A terminal cancer patient from Sleaford is backing plans for a new cancer support centre by the charity making a positive impact on his life.
Peter Camfield is living with incurable prostate cancer and says the Macmillan Cancer Support team based at Lincoln County Hospital is helping him and his family to get on with their lives.
He is now backing plans for a new modernised support centre at the hospital.
Father-of-two Peter was first diagnosed with prostate cancer in 2010 and received radiotherapy treatment. However, in 2017 the cancer returned and Peter was given just two to three years to live.
As soon as he received the diagnosis he went to see Macmillan cancer information and support facilitator Beverley Gambles, who is based at the hospital.
Peter, 65, said: “It has obviously been a shock, but we are feeling quite positive and are just getting on with our lives and living life to the full. Macmillan is helping us to do that. Bev was lovely. She signposted us to financial help which made a big difference. We didn’t realise we’d be eligible for extra benefits. It’s very useful to have a little bit of extra money coming in, as it’s just one less worry and means we can go away for the weekend or get a dog as we did last year. It allows us to get on with life.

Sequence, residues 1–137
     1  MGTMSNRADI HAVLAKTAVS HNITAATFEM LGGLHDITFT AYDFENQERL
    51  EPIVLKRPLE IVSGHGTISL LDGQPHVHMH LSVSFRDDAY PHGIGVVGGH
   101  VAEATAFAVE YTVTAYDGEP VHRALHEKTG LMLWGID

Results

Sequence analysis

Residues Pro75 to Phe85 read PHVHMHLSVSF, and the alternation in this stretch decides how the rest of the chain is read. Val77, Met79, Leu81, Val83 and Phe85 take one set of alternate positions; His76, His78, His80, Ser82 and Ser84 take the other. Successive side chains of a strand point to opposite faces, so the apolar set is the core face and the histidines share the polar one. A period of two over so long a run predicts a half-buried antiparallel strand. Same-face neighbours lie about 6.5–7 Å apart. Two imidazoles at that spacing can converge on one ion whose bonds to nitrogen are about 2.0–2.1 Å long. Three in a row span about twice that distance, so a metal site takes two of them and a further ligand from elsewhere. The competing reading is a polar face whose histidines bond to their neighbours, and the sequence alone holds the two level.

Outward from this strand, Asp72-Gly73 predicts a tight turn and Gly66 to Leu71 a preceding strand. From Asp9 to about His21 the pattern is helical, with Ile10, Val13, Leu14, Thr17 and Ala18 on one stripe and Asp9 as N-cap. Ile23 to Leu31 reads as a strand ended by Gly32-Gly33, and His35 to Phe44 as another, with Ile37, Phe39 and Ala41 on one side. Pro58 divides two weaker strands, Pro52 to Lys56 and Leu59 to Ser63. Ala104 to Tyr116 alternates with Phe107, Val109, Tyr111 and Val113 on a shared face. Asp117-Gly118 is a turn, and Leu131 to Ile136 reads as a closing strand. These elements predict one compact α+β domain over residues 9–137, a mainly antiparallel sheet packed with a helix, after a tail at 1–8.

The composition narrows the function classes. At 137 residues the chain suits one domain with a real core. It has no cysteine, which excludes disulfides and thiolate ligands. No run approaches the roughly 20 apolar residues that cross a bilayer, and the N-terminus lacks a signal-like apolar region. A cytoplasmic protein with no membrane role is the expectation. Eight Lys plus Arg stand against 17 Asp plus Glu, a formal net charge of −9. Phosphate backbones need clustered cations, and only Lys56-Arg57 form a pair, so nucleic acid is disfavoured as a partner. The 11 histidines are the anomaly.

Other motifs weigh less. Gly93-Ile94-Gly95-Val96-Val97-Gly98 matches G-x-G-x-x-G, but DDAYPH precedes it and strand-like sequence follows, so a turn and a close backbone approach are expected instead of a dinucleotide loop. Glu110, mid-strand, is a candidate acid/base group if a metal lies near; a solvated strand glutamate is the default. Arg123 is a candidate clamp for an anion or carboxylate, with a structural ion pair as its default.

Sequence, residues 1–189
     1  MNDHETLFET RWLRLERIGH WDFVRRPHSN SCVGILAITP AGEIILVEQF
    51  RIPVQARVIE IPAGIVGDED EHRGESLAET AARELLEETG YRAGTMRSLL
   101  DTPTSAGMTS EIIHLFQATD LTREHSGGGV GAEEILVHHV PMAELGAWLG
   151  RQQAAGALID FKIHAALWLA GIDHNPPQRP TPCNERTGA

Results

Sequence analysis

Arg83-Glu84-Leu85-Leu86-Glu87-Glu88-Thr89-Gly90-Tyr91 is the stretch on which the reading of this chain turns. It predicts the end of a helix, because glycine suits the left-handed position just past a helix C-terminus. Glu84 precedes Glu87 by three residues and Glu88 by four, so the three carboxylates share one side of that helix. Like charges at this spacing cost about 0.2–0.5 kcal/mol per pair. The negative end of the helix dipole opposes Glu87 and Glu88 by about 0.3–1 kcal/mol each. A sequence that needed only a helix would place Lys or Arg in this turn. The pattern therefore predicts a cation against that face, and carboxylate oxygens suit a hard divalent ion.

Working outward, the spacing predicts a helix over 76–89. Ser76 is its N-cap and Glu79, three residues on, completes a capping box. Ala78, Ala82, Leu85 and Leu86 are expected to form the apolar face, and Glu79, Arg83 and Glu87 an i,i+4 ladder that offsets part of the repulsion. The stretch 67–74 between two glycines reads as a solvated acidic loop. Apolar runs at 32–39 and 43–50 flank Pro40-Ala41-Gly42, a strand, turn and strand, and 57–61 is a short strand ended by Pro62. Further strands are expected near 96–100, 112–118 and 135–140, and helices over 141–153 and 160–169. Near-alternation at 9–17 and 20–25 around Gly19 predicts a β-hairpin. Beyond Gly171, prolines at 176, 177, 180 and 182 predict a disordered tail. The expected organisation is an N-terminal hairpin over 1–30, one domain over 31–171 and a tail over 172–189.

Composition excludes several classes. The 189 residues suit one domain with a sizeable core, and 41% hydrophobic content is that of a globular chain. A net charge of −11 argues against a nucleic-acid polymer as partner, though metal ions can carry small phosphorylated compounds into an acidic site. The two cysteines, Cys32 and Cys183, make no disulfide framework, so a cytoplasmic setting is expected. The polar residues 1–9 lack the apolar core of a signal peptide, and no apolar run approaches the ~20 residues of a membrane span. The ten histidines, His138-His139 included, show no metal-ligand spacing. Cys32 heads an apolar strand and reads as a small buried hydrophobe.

“Bev really helped my wife Sue as well, who was coming to terms with having a husband who was going to die.”
Peter’s wife Sue added: “We were knocked off our feet by the news but speaking to Bev made a huge difference. It calmed me down. When Peter was diagnosed I didn’t want to be more than an hour away from home so we could be close to the oncologist and the hospital. But now we’ve been to Amsterdam and have a few days away somewhere every month. Macmillan told us life doesn’t end. It’s thanks to Bev that we’ve been able to live the life we wanted.”
Macmillan is working with United Lincolnshire Hospitals NHS Trust to develop the new centre for people living with cancer in Lincolnshire. It is due to open in the summer, and will have enough space for a range of services in one location. These will include cancer information, emotional support, welfare benefits advice, practical support and signposting to support groups and other services.
A spokesman for Macmillan said the current centre is too small for them to offer a full service, operating out of one small room that is difficult to find in the hospital. Funded by Macmillan, the new centre will be relocated to the main outpatients entrance, and include a large area to display information and resources, a quiet room for patients and their families to speak to a member of the support team, and a group activity room which could be used by support groups or for other services, such as wig fitting.
There are currently 27,826 people living with cancer in Lincolnshire.